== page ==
Great answers - just wanted to clarify on a some of the comments. JSON-RPC is quick and easy to consume, but as mentioned resources and parameters are tightly coupled and it tends to rely on verbs (api/deleteUser, api/addUser) using GET/ POST where-as REST provides loosely coupled resources (api/users) that in a HTTP REST API relies on several HTTP methods (GET, POST, PUT, PATCH, DELETE). REST is slightly harder for inexperienced developers to implement, but the style has become fairly common place now and it provides much more flexibility in the long-run (giving your API a longer life).
Along with not having tightly coupled resources, REST also allows you to avoid being committed to a single content-type- this means if your client needs to receive the data in XML, or JSON, or even YAML - if built into your system you could return any of those using the content-type/ accept headers.
This lets you keep your API flexible enough to support new content types OR client requirements.
But what truly separates REST from JSON-RPC is that it follows a series of carefully thought out constraints- ensuring architectural flexibility. These constraints include ensuring that the client and server are able to evolve independently of each other (you can make changes without messing up your client's application), the calls are stateless (state is represented through hypermedia), a uniform interface is provided for interactions, the API is developed on a layered system, and the response is cacheable by the client. There's also an optional constraint for providing code on demand.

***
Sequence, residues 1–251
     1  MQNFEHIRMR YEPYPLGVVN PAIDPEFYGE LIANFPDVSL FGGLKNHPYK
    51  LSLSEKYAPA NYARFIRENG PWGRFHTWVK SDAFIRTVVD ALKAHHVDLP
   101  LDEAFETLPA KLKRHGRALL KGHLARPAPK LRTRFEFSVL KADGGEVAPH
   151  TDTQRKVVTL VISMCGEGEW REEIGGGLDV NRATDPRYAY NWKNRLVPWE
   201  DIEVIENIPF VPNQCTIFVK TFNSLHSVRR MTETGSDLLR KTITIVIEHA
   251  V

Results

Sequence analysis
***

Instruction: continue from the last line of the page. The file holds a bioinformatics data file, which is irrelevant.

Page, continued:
However, with all of this said - MOST APIs are not RESTful (according to Fielding) as they do not incorporate hypermedia (embedded hypertext links in the response that help navigate the API). Most APIs you will find out there are REST-like in that they follow most of the concepts of REST, but ignore this constraint. However, more and more APIs are implementing this and it is becoming more of a main-stream practice.
This also gives you some flexibility as hypermedia driven APIs (such as Stormpath) direct the client to the URIs (meaning if something changes, in certain cases you can modify the URI without negative impact), where-as with RPC URIs are required to be static. With RPC, you will also need to extensively document these different URIs and explain how they work in relation to each other.
In general, I would say REST is the way to go if you want to build an extensible, flexible API that will be long-lived. For that reason, I would say it's the route to go 99% of the time.